If you're cynical about sport, fed up with excess, sick of cheats, weary of drugs, tired of ego, go meet Mo Martin. Just seek an audience. Because this American is 1.60m of weapons-grade optimism.
She ain't no big-money-raking, game-dominating, fairway- shrinking, camera-attracting, fashion icon. No, she's a world No. 57 whose career earnings at 33 are less than what Lydia Ko, 18, won last year, but she is as important to golf.
Because sport can't survive on the skills of a handful of great champions, it needs an array of athletes to sustain it. The dreamers, the doers, the desperate. Or just a kid called Mo from California who couldn't afford golf lessons, got onto the LPGA Tour finally at 29 and then won a Major as her first and only title. Cool is the word you're searching for.
But more than that, as sport is increasingly suffocated by minders, and hard-to-reach athletes speak like wound-up toys, we need evangelists like Martin, who signs balls for volunteers, who leans against a wall after a humid round and chats for 20 minutes and whose affection for the game sings from every sentence.
"I love," she says of golf, "how you constantly have to improve. I love how difficult it is. I love the beauty of it because I have never been to an ugly course. I love how it brings different people together." She was just a soapbox short of a sermon on why kids should play this game.
So if you ask, why does Mo Martin - a mid-level player, possibly unrecognisable to you - matter, it is because she returns a little bit of innocence to sport.
Mo Martin matters also because she's a short hitter surviving just fine in a planet that's manic about length. Even Donald Trump, politics' latest Pinocchio, is now swearing he hits it 285 yards. Everyone's trying to turn a meticulous sport into a macho one and Martin's heard people talking about driving a ball 50 yards longer. To which she asks, "Do you know how hard it is to hit it 10 yards further?"
As sport is increasingly suffocated by minders, and hard-to-reach athletes speak like wound-up toys, we need evangelists like Martin (above), who signs balls for volunteers, who leans against a wall after a humid round and chats for 20 minutes and whose affection for the game sings from every sentence.
Martin was No. 142 on tour in driving distance last year but wait, hold that sneer. Because she averaged 232 yards and if you're now thinking, damn, that's more than me, it's about to get worse because she weighs only 52kg - probably while holding a golf bag.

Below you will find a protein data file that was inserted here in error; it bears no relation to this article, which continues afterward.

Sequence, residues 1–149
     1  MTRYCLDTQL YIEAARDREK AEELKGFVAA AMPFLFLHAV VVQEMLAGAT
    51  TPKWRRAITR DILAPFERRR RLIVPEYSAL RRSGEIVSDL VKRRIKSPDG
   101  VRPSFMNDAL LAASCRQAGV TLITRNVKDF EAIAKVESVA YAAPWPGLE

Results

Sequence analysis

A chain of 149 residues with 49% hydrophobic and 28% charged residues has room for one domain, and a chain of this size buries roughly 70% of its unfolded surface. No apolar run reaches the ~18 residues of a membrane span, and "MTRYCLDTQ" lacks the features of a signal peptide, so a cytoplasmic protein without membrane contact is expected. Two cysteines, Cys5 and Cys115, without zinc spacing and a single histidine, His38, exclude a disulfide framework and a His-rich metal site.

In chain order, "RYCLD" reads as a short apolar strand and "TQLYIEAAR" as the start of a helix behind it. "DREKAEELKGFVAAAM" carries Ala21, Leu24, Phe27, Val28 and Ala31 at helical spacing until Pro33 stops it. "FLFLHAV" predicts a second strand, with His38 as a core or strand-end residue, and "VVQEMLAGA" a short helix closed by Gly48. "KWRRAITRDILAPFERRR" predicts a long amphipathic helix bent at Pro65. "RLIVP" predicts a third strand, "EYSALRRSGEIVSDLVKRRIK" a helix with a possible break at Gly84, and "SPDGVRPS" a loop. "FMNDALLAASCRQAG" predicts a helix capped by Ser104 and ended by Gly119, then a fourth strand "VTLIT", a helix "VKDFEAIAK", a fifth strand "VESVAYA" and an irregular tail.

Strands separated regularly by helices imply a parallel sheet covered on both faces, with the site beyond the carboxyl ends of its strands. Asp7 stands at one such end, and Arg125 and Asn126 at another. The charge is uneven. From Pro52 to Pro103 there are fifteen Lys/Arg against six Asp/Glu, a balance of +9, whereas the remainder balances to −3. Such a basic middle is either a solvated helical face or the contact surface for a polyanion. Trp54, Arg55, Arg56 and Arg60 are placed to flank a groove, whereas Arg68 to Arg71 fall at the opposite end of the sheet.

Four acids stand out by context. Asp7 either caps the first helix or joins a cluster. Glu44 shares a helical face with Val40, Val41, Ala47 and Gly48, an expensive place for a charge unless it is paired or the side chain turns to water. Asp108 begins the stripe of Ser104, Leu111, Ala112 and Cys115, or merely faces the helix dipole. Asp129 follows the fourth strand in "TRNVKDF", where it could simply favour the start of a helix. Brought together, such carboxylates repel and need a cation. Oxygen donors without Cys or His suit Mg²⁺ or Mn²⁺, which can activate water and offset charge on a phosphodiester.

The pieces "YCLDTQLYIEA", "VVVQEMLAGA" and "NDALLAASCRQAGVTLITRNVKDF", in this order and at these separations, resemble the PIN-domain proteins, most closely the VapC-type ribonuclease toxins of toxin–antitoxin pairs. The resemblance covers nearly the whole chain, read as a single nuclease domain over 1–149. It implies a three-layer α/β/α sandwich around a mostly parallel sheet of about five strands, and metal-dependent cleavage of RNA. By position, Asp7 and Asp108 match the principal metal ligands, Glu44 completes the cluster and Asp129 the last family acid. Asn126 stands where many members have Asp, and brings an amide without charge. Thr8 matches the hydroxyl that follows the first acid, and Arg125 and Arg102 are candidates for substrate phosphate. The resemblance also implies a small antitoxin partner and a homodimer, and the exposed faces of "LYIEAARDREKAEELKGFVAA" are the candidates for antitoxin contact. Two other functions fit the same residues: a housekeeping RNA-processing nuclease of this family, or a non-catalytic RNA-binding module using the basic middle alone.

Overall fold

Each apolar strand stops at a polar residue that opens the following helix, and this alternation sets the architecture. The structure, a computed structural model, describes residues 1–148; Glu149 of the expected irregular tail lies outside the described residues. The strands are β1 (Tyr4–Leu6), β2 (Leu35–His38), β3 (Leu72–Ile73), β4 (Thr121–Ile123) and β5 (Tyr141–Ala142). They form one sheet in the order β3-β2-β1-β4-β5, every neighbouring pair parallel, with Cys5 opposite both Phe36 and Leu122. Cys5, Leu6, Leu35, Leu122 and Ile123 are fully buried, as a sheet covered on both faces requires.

And so, first lesson: She gets more out of her body than us. Second: She was No. 1 on tour in accuracy and thus straighter than us. Third: She says "I know exactly how far I hit the ball" with every club which of course is never the case with us.
Mo Martin matters because life has pushed her around but it never knocked the perspective out of her. She didn't have "a lot of money growing up," but her father had a book by golf great Ben Hogan, he built a cage in their driveway and off she went.
Quietly she tells stories; intently, we should listen. She remembers going to Jack In The Box, a fast-food place, when she was seven with her mother, brother and friend, ordering one spicy, crispy chicken sandwich which was cut into four pieces.
You're thinking, poor thing; she thought: "I am so lucky, I got a quarter. It's the best thing in the world."
It's a perspective she's evidently retained as an adult. When she won the Ricoh Women's British Open in 2014, a commentator asked if this was the "biggest dream that's ever come true for you", to which she breezily replied: "I think I am living the dream every day, really no matter what happens." In a time when too many athletes sound like we should be grateful to watch them playing sport, she actually sounds grateful to be playing sport.
Mo Martin matters because she's persistent or has been since she was a six-year-old kid hanging around a Los Angeles par-three course till 10pm. For six years she played the lower-level Symetra Tour, driving her Chrysler PT Cruiser to events, staying with local families, being supported by friends, inspired by her grandfather, and taking one of the grand risks of a young life.
Or as she explains it, "You're betting on your (sporting) self". You're convinced your talent will stretch and you believe your time will come. And so when people - this writer included - idly describe victories, like Martin's Open, as a miracle, we're wrong. Because they aren't engineered in heaven, they're just built with sweat under the sun.
It is this persistence which Martin's father recognised and he nicknamed her Mighty Mo after the battleship USS Missouri. On the deck of that particular ship, in another time gone by, Japan surrendered. On the peaceful, cultivated golfing lawns of today, Mo Martin endeavours as an athlete never to quit.
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